If you put a bottle of vodka in your freezer, the liquid thickens, but it won't turn solid. This is because of the chemical composition of vodka and a phenomenon known as freezing point depression.
The Chemical Composition of Vodka
Mendeleev, the chemist who devised the periodic table, standardized the amount of ethyl alcohol-- or ethanol--in vodka when he was the Director of the Russian Bureau of Standards. Russian vodka is 40 percent ethanol and 60 percent water by volume (80 proof). Vodka from other countries may range from 35 percent to 50 percent ethanol by volume. All of these values are alcoholic enough to significantly affect the temperature at which the liquid freezes. If it was pure water, it would freeze at 0 C or 32 F. If vodka was pure or absolute alcohol, it would freeze at -114 C or -173 F. The freezing point of the mixture is an intermediate value.
Ethanol and Freezing Point Depression
When you dissolve any liquid in water, you lower the freezing point of the water. This phenomenon is known as freezing point depression. It is possible to freeze vodka, but not in a typical home freezer. The freezing point of 80 proof vodka is -26.95 C or -16.51 F, while the temperature of most home freezers is around -17 C.
How To Freeze Vodka
One way to get your vodka extra-cold is to place it in a bucket with salt and ice. The contents will then get colder than ordinary ice, as an example of freezing point depression. The salt brings the temperature down as low as -21 C, which is not cold enough to freeze 80 proof vodka but will make a vodka-sicle out of a product that is slightly less alcoholic. Salting ice is also used to make ice cream without a freezer.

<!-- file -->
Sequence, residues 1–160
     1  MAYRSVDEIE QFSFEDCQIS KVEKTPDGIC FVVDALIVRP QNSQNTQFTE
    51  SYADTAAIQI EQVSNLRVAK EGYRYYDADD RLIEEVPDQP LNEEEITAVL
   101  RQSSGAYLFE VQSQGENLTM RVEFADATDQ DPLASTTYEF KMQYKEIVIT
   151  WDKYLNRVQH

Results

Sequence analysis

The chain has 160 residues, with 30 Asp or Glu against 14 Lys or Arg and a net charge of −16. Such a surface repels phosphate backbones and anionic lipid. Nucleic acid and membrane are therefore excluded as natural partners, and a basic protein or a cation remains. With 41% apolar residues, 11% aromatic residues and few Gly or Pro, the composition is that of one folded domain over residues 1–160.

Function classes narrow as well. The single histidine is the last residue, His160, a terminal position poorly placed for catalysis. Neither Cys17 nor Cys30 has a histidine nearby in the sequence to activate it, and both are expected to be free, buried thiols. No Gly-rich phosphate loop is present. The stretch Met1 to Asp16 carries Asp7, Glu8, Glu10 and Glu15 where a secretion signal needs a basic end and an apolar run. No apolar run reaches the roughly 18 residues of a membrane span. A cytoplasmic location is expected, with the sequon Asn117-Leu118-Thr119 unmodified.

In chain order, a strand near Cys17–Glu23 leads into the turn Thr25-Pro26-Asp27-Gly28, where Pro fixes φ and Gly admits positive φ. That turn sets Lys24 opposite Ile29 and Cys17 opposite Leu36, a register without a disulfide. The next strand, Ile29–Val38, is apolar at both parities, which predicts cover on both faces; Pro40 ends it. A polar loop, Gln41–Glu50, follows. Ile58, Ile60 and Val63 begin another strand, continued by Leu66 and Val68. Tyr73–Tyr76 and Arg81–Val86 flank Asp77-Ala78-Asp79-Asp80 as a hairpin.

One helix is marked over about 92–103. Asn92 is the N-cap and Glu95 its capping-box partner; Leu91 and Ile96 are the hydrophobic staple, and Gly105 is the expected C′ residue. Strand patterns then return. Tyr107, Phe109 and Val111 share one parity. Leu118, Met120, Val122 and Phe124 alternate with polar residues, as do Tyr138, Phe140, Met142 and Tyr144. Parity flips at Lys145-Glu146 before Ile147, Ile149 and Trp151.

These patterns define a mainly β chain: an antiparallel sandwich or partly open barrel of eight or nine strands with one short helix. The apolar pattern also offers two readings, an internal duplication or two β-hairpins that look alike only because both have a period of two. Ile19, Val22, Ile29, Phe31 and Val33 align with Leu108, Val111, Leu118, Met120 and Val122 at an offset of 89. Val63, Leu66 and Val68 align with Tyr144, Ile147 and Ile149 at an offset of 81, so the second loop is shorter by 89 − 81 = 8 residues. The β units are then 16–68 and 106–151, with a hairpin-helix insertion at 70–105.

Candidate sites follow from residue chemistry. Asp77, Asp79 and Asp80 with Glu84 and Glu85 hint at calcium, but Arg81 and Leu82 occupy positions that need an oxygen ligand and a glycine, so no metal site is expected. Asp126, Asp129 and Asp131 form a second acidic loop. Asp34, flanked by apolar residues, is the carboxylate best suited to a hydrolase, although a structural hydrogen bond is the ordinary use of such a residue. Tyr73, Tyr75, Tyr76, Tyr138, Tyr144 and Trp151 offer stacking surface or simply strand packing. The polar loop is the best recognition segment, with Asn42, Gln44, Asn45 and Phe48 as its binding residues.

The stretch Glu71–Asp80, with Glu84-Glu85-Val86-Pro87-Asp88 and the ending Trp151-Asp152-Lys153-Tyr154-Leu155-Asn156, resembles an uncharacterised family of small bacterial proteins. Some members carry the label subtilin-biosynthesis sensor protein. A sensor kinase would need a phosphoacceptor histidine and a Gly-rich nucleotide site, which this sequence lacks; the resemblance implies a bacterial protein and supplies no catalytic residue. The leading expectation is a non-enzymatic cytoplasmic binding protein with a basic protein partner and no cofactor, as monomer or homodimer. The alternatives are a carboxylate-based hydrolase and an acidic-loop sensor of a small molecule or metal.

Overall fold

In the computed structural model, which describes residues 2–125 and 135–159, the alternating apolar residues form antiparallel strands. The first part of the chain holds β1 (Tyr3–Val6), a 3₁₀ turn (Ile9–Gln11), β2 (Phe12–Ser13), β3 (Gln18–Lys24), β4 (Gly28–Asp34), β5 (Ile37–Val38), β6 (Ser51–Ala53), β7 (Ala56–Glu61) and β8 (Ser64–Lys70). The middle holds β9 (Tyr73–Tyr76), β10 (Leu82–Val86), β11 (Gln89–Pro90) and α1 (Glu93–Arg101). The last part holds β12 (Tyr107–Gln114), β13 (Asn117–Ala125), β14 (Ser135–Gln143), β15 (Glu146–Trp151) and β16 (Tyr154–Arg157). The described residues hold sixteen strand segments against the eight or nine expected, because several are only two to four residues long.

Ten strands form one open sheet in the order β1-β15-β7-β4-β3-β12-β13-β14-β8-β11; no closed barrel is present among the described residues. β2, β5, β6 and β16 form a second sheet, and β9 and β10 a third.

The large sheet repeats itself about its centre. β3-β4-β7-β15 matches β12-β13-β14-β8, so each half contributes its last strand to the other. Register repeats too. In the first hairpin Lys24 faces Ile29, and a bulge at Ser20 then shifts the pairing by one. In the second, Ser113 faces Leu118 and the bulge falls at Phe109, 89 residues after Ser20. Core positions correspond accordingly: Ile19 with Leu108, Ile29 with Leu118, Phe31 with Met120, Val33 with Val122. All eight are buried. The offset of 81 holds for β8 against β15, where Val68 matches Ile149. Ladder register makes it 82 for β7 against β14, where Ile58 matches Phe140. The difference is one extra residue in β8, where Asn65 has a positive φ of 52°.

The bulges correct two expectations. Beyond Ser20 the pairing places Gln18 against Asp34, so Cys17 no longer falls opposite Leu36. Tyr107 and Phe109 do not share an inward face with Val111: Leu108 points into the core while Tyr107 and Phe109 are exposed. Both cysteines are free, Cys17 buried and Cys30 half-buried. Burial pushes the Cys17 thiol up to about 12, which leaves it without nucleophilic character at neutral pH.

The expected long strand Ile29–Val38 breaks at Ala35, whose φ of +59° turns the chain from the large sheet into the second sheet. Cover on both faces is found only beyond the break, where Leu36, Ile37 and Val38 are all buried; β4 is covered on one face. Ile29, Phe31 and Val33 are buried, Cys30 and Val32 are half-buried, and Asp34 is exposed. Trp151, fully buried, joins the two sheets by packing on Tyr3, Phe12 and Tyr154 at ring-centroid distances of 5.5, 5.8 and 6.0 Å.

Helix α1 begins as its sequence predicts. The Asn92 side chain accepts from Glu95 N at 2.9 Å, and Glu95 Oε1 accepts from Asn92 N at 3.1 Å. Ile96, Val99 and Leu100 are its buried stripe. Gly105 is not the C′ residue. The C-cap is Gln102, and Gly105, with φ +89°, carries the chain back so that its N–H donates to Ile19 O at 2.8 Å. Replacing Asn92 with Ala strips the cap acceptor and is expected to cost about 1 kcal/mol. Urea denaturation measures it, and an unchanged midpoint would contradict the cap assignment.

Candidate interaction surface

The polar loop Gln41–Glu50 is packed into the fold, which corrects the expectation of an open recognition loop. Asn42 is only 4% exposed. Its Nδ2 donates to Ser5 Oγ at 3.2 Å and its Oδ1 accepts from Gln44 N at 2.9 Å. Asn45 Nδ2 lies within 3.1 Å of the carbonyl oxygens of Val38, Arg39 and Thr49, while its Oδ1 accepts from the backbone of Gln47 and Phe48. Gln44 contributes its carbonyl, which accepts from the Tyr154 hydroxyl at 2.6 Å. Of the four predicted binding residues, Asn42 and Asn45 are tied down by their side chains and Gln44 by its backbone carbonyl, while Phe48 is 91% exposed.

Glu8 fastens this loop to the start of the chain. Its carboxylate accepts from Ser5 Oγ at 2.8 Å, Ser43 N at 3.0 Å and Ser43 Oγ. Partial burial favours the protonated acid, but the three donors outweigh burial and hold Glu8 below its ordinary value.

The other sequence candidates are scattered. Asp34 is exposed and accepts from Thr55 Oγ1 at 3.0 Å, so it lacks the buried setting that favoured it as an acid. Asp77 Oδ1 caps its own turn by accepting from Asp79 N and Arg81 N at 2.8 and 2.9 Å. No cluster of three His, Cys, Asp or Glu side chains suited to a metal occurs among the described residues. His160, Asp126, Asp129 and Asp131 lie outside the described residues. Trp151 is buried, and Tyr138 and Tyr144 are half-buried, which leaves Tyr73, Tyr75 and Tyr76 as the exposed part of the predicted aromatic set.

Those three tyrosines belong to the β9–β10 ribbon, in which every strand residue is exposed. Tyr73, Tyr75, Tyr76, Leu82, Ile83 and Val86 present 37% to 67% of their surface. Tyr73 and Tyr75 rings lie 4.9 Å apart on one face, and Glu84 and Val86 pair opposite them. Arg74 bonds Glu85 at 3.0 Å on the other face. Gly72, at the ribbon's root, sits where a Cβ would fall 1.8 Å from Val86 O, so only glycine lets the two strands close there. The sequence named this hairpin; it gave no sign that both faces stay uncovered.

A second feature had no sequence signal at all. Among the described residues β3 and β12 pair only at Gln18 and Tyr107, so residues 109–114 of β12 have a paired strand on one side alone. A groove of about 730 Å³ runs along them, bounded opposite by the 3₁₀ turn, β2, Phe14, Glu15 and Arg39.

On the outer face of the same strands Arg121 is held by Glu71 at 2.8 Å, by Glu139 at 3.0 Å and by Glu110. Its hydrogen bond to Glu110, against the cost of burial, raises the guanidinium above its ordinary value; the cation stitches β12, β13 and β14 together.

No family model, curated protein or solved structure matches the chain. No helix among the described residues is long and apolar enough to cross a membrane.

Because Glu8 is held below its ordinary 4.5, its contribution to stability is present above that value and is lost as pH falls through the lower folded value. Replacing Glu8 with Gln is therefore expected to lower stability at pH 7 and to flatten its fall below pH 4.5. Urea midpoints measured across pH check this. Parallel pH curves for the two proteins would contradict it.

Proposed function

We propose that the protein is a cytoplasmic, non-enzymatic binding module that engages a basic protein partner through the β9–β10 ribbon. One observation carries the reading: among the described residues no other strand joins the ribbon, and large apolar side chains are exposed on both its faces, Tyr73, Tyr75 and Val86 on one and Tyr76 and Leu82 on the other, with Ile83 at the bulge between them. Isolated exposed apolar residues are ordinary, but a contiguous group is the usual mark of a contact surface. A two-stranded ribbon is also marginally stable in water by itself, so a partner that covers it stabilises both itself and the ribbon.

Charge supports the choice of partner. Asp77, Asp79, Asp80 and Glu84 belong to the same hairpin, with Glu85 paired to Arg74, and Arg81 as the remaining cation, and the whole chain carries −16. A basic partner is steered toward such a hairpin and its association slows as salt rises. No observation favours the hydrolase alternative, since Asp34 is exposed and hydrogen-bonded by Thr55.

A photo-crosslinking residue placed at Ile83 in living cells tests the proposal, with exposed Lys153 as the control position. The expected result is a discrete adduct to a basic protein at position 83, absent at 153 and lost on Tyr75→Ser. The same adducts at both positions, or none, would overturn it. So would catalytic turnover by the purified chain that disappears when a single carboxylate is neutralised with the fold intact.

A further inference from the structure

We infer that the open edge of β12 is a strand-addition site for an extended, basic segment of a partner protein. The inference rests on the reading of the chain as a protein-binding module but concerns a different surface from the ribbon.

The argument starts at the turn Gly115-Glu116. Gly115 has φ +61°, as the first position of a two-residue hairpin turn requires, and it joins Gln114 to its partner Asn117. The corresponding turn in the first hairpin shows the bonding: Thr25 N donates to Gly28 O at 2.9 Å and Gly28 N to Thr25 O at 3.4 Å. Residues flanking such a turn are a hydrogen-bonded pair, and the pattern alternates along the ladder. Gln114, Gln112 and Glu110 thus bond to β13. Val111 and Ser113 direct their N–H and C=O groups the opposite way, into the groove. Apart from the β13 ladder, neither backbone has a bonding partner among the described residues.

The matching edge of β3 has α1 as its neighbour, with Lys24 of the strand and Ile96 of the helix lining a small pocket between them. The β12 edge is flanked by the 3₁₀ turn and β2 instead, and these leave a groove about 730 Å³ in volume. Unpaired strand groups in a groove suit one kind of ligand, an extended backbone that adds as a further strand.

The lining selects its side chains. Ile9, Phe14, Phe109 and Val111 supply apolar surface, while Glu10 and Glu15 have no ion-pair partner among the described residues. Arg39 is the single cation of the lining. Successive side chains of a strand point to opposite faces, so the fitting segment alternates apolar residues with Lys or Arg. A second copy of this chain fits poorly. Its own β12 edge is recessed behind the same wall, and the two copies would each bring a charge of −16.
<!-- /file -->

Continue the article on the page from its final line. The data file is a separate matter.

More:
If you really want to freeze your vodka, you can use either dry ice or liquid nitrogen. Surrounding vodka with dry ice drops the temperature down to -78 C or -109 F. If you add chips of dry ice to vodka, the sublimation of carbon dioxide will form bubbles in the liquid, essentially giving you carbonated vodka (which also has a different flavor). Note that, while it's okay to add a small amount of dry ice to form bubbles, actually freezing the vodka would produce something too cold to drink (think instant frostbite).
If you pour a bit of liquid nitrogen into vodka, you'll get fog as the nitrogen evaporates. This is a cool trick and may produce bits of vodka ice. Liquid nitrogen is extremely cold, all the way down to -196 C or -320 F. While liquid nitrogen may be used by bartenders to produce (literally) cool effects, it's critical to use caution. Frozen vodka is colder than a freezer, which basically makes it too cold to ingest!